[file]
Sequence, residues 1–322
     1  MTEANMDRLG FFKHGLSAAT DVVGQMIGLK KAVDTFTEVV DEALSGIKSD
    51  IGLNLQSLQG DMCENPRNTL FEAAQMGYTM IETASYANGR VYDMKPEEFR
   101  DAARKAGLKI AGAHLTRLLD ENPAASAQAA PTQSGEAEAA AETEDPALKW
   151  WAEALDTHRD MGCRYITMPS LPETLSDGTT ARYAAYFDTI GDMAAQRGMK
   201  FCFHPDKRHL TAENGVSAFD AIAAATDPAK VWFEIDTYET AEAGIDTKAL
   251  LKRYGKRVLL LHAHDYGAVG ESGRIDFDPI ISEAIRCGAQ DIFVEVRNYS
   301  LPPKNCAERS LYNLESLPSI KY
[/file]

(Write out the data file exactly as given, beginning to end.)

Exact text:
Sequence, residues 1–322
     1  MTEANMDRLG FFKHGLSAAT DVVGQMIGLK KAVDTFTEVV DEALSGIKSD
    51  IGLNLQSLQG DMCENPRNTL FEAAQMGYTM IETASYANGR VYDMKPEEFR
   101  DAARKAGLKI AGAHLTRLLD ENPAASAQAA PTQSGEAEAA AETEDPALKW
   151  WAEALDTHRD MGCRYITMPS LPETLSDGTT ARYAAYFDTI GDMAAQRGMK
   201  FCFHPDKRHL TAENGVSAFD AIAAATDPAK VWFEIDTYET AEAGIDTKAL
   251  LKRYGKRVLL LHAHDYGAVG ESGRIDFDPI ISEAIRCGAQ DIFVEVRNYS
   301  LPPKNCAERS LYNLESLPSI KY